A more pressing issue is if children accidentally swallow a mouthful of it, since they are so much younger and smaller than an adult; the effects will be greater. Adults who are trying to get their alcohol fix by drinking mouthwash are also at risk.

What Happens If You Drink Mouthwash?

The effects of drinking mouthwash depend on how much you ingested. If you were rinsing with small amounts and a tiny bit went down your throat, the side effects will be minimal or non-existent. At worst, you might experience diarrhea or nausea which will subside without any treatment. Since mouthwash contains a high concentration of alcohol, it is possible to feel tipsy or lightheaded.

What Happens If You Swallow A Lot Of Mouthwash?

Ingesting large amounts of mouthwash will result in side effects similar to alcohol poisoning. If someone frequently or intentionally swallows mouthwash, they may feel various effects such as abdominal pain, dizziness, headache, disorientation, sore throat, dulled reflexes, vomiting, low body temperature, and low blood sugar. In extreme cases, they can experience convulsions, seizures, cardiac arrest, and death.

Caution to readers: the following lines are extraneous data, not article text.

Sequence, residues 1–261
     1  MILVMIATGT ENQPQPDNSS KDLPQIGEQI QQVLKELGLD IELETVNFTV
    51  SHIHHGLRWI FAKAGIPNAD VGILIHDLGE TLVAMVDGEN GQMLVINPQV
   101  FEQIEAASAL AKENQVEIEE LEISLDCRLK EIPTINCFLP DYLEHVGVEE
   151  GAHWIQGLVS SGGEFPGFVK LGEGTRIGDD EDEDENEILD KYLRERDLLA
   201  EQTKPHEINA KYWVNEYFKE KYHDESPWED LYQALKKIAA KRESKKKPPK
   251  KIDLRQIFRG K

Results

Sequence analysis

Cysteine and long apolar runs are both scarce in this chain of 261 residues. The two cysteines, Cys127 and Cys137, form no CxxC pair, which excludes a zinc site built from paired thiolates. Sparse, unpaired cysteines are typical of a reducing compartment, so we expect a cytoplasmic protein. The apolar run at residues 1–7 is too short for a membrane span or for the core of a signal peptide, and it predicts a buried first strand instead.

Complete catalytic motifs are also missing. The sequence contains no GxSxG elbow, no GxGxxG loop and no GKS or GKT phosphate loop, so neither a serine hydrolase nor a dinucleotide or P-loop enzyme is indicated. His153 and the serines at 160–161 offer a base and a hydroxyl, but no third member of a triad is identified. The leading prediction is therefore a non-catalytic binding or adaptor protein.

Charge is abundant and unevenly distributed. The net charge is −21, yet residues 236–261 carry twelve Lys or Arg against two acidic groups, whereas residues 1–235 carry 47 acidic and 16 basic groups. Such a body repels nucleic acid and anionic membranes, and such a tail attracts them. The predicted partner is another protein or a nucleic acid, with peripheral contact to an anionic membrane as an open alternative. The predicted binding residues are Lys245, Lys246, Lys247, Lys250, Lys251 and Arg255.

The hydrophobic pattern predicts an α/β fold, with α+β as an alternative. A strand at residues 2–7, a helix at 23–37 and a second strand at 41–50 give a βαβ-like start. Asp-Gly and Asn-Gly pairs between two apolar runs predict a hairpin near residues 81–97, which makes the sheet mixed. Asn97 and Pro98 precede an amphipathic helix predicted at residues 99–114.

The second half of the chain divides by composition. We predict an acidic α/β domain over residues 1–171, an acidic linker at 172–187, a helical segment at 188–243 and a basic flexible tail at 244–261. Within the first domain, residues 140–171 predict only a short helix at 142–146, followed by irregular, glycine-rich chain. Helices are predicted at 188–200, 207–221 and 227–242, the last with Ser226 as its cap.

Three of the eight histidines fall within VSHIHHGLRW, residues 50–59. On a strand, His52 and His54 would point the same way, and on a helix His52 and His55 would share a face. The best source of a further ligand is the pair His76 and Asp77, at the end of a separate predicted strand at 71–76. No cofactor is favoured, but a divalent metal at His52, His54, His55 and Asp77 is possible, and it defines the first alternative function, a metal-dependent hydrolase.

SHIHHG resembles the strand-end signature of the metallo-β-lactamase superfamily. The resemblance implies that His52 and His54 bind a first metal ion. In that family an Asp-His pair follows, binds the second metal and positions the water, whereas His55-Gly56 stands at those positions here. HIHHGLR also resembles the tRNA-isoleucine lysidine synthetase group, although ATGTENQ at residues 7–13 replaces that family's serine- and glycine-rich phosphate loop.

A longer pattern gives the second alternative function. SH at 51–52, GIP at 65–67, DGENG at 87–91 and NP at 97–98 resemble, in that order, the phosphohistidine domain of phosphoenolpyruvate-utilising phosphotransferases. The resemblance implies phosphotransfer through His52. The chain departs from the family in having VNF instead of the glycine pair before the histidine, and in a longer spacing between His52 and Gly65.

What Happens If You Swallow Alcohol-Free Mouthwash?

There are various mouthwashes on store shelves that tout they are alcohol-free or fluoride-free. Just because they don’t have the primary ingredients that make the other mouthwashes such a danger when abused doesn’t mean they are okay to drink either.

These products contain other ingredients that are also not meant to be ingested, such as hydrogen peroxide, chlorhexidine gluconate, and methyl salicylate, all of which can cause discomfort.

According to a 2013 study that assessed the risk of people drinking mouthwash as an alternative to alcohol, they noted that ethanol (alcohol) was by far the worst ingredient, concluding: “The occasional or even chronic ingestion of mouthwash may not cause health effects except the effects of ethanol alone.”